Christians love eternity, but not time.
Post Reply
Thread Rating:
  • 0 Votes - 0 Average
  • 1
  • 2
  • 3
  • 4
  • 5
14-08-2011, 10:17 PM
Christians love eternity, but not time.
I get the impression that many christians, especially the ones susceptible to biblical literalism and creationism, find the scientific view of our historical position in the universe unsettling, to say the least.

One, they tend not to like the idea that humanity has a long history before christianity, especially a prehistory going back hundreds of thousands of years before agriculture and civilization. That interpretation of the past raises awkward questions about human origins, the fate of all those billions of people who died without hearing the gospel, and why christianity came along so late in the game.

And two, they tend not to like the idea that humanity might have a long secular future ahead of it.

Why do they seem to feel this way about our unprivileged position in the history of the universe? Setting aside the whole creationism clusterfuck, first of all, christianity can't get away from the fact that it started out as a doomsday cult which predicted that Jesus would return "quickly" and wrap up the business of the human species. That hasn't happened after 2,000 years, even though every generation or so we see kooks like Hal Lindsey, Tim LaHaye and Harold Camping who preach or publish their warnings about the christian end times. This embarrassment keeps recurring because the cult's own scriptures present the idea of an imminent apocalypse, clearly and in multiple places, even from Jesus himself. The polling data show that this belief persists in the christian mainstream, at least in the U.S. Considering that Americans generally don't read the bible, where do they pick up this notion, if not from preachers and popular novels like the Left Behind series? The fact that the apocalypse never happens throws doubt on Jesus' identity, integrity and authority.

Secondly, the prospect of a Long Now, to coin a phrase, lying ahead of humanity also raises the possibility that christianity could disappear in the passage of centuries. Assuming that humanity maintains a continuity of literate civilization for the next 10,000 years, would the people living 100 centuries from now even know about christianity, apart from a few scholars who study ancient religions?

This discomfort with our orientation in the history of the universe probably contributes to many christians' desire to hasten the arrival of the "end times." They want the supernatural dénouement to happen in their lifetimes, not only to validate what they believe, but also to make sure that it happens before the christian religion itself disappears. What does the rapture delusion really indicate, if not a fear or expectation of the literal disappearance of all the "true christians" from the planet? Christianity's contingent emergence, duration and likely disappearance in history means that it doesn't have any more "metaphysical" significance in the scheme of things than any other arbitrary world view humans have developed.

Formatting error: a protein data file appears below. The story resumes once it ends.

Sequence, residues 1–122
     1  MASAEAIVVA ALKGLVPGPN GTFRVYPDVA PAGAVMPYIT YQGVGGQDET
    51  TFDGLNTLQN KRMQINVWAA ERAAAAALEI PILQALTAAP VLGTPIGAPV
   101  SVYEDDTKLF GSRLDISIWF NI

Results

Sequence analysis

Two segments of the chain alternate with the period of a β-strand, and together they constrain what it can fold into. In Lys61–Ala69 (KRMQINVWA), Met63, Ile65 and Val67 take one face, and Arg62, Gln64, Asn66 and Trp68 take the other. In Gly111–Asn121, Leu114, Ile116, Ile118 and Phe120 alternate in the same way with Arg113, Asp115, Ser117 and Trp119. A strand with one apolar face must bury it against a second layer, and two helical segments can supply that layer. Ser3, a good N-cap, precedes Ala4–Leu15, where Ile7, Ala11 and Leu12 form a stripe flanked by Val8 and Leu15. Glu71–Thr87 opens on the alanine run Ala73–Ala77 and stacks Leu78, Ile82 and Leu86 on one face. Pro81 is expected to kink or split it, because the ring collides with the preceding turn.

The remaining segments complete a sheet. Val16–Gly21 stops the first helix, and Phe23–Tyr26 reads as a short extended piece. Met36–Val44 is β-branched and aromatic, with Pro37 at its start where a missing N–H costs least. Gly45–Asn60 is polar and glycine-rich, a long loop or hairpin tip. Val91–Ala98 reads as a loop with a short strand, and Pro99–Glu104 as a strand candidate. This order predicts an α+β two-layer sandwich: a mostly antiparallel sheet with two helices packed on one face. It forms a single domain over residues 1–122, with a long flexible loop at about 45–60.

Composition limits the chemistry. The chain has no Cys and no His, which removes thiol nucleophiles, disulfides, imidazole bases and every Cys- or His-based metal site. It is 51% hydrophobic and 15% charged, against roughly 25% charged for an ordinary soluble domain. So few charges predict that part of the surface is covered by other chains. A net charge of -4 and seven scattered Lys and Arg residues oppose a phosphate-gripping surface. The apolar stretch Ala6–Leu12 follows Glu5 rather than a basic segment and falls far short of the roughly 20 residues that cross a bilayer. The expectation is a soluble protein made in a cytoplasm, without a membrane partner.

Find all posts by this user
Like Post Quote this message in a reply
15-08-2011, 11:30 AM
RE: Christians love eternity, but not time.
Most christians I've known have demanded that the message that was needed has always existed just not in books. Many people are a bit unwilling to accept a time before homo sapiens sapien even though there is evidence. Due to the general consensus among humans which would seem to be only the last 500 years (at least in the US) of the Earth's history pertains to the world anymore, most seem really certain that Christianity which has existed a mere 2000 years is in no danger of dying out. I've found that for the most part people are incapable of really looking at a timeline longer than their own, and generally at most will go back to great grandparents because they at least have some connection to that point in history. Times before them do not pertain to themselves outside of literature and other forms of media, and only the newer forms of media really seem to suggest to the average human that this period of time really happened. It's the difference between observed truth and indirect truth. If their brains can only speculate then they do not accept it as truth. Hence the constant reliving of previous issues including our incessant trendsetting loop which takes on the same fashions over an extended period of time yet always acts like they are new.

Sorry for the jumbled thoughts I'm very busy thinking about college currently as I want to change countries.

I'm not a non believer, I believe in the possibility of anything. I just don't let the actuality of something be determined by a 3rd party.
Find all posts by this user
Like Post Quote this message in a reply
[+] 1 user Likes Lilith Pride's post
Post Reply
Forum Jump: